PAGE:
Inside Gyoganji are dozens of ornate wooden thank-you letters from people who claim they received miracles after their visit. Joe guides us through the traditional prayer offering and then introduces the temple's spritely 90-year-old attendant. "She has four years on me," he says affectionately.
As we stroll along Kyoto's streets, Joe tells us about life in the city – how difficult it is to get a driver's licence; the diminutive dimensions of the average apartment; the crippling price of real estate. We also learn a little more about him. Forbidden from studying English during World War II ("it was the tongue of the enemy"), he eventually learnt it after Japan surrendered in 1945. After a stint in the US as a tour guide, he returned to Kyoto and created the "Samurai Nippon Show", a spectacular theatre production staged in a castle south of the city. He reckons he performed 1700 shows during his 14-year stint as the resident samurai, a tenure that brought him international acclaim and an appearance on the David Letterman show.
He's been running this tour for four years now and his vitality, enthusiasm and good humour are an inspiration. He's excited about the upcoming Olympic Games and fully intends to continue working. "If I can keep going until 2020," he says, proudly, "I will be the only guide to experience both Tokyo Olympics."
As we sit on plastic crates eating succulent salmon and tuna sashimi, I ask Joe what's his secret. How has he lived such a long and healthy life? "Simple," he says, lowering his voice to a conspiratorial whisper, "19 cups of sake a day."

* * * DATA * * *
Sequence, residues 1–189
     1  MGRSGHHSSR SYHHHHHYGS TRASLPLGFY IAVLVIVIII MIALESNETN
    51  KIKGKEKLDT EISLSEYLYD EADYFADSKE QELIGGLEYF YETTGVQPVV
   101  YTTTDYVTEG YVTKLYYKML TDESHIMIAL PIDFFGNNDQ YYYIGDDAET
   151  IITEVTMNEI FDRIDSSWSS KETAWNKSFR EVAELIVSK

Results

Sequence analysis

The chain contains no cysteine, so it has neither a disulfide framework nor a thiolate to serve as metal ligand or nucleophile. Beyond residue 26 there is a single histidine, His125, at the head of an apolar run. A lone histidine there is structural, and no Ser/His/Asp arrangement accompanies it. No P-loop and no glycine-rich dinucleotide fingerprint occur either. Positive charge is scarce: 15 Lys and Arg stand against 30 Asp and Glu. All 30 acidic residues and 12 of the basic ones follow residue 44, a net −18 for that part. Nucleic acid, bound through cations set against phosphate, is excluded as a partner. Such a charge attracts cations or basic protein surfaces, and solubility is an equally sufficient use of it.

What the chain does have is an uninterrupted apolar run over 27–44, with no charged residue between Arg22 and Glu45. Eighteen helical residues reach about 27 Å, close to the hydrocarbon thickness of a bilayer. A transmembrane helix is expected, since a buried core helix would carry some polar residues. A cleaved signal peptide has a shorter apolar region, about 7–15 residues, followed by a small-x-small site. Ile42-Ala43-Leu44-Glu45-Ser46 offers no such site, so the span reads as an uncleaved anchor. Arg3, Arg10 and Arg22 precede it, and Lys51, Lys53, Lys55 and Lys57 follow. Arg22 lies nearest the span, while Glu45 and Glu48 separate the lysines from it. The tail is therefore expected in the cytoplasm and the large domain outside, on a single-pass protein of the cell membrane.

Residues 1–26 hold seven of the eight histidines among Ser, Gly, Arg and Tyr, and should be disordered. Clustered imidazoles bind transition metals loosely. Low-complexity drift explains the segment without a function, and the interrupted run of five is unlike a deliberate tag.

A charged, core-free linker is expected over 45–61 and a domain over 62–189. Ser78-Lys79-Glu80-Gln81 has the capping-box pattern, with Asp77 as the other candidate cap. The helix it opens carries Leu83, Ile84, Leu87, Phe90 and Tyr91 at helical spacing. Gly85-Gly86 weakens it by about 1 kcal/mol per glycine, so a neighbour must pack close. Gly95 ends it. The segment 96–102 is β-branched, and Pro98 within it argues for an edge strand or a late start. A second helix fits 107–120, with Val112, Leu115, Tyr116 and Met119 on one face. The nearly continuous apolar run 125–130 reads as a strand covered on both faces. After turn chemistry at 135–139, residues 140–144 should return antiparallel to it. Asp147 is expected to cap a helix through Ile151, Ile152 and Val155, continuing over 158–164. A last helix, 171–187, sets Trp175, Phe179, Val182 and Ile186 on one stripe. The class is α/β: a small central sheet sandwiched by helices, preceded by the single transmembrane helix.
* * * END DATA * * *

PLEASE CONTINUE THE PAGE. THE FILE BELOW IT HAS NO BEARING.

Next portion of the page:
ANA flies direct from Sydney to Tokyo's Haneda airport using the latest Boeing 787-900 Dreamliner. Tokyo to Kyoto by bullet train takes just over two hours. See ana.co.jp
On the banks of the Kamogawa River, the Ritz-Carlton Kyoto is an elegant fusion of traditional Japanese design, upscale amenities and flawless service. The 134-room property features four restaurants, a decadent spa and is ideally positioned for exploring the city on foot. Rooms from ¥73,000. See ritzcarlton.com
The Cool Kyoto Walking Tour with Samurai Joe runs every Saturday from 10am-3pm and includes several tastings plus a light lunch. The distance covered is roughly four kilometres. Cost ¥3000 per person. Bookings recommended. See cool-kyoto.net.
FIVE MORE BEHIND-THE-SCENES TOURS IN KYOTO
FORAGE AND FEAST
Explore Kyoto's rich culinary scene with a bespoke itinerary created by food writer Jane Lawson from Zenbu Tours. Options include visits to local markets, tours of family-run food suppliers and meals at some of the city's best restaurants. See www.zenbutours.com.
Learn more about Buddhism while exploring the impressive 1200-year-old Kiyomizu-dera Temple with an English speaking priest. The tour includes access to areas that are normally off-limits, such as the inner sanctuary of the Main Hall and the Taho-kaku, a sacred building containing a black marble engraving of Buddha's footprints. See www.kiyomizudera.or.jp/en.
DINE WITH MAIKOS
Enjoy an authentic Kaiseki dinner while being entertained by a maiko (a trainee geisha) at the elegant Gion Hatanaka Ryokan. Performances include traditional songs, dances and drinking games (don't expect to win), but the real treat is being able to quiz them about life as a modern-day maiko. See www.thehatanaka.co.jp/english.
QUIETEN THE MIND
Shunkoin Zen Buddhist Temple is one of the only temples in the city to offer guided meditation classes in English. Led by the entertaining Deputy Priest Rev. Takafumi Kawakami, the sessions teach the principles and practical applications of this age-old practice in a refreshingly down-to-earth way. See www.shunkoin.com.
Create your own tour of Kyoto's extensive network of artisans using a new website from the city's tourism office. The site provides information on dozens of local ateliers where you can see traditional crafts such as Nishijin weaving, Yuzen dyeing and wood block printing. See www.kyotoartisans.jp/en .
Rob McFarland was a guest of Kyoto Convention & Visitors Bureau, the Ritz-Carlton Kyoto and the International Luxury Travel Market.